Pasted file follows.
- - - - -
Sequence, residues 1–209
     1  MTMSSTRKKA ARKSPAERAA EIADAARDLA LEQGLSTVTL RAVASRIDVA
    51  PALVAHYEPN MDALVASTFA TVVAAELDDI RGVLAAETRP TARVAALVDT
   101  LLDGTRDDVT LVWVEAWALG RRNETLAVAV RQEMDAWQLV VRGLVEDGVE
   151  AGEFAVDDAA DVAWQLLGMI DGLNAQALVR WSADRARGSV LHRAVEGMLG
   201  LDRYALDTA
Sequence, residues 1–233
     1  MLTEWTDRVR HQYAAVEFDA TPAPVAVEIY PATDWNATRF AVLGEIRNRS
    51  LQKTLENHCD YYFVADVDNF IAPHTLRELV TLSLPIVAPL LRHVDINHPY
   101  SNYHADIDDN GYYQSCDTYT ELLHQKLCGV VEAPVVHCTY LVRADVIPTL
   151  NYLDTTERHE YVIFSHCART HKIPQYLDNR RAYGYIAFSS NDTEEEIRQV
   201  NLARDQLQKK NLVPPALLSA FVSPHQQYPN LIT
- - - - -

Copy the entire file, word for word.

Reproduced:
Sequence, residues 1–209
     1  MTMSSTRKKA ARKSPAERAA EIADAARDLA LEQGLSTVTL RAVASRIDVA
    51  PALVAHYEPN MDALVASTFA TVVAAELDDI RGVLAAETRP TARVAALVDT
   101  LLDGTRDDVT LVWVEAWALG RRNETLAVAV RQEMDAWQLV VRGLVEDGVE
   151  AGEFAVDDAA DVAWQLLGMI DGLNAQALVR WSADRARGSV LHRAVEGMLG
   201  LDRYALDTA
Sequence, residues 1–233
     1  MLTEWTDRVR HQYAAVEFDA TPAPVAVEIY PATDWNATRF AVLGEIRNRS
    51  LQKTLENHCD YYFVADVDNF IAPHTLRELV TLSLPIVAPL LRHVDINHPY
   101  SNYHADIDDN GYYQSCDTYT ELLHQKLCGV VEAPVVHCTY LVRADVIPTL
   151  NYLDTTERHE YVIFSHCART HKIPQYLDNR RAYGYIAFSS NDTEEEIRQV
   201  NLARDQLQKK NLVPPALLSA FVSPHQQYPN LIT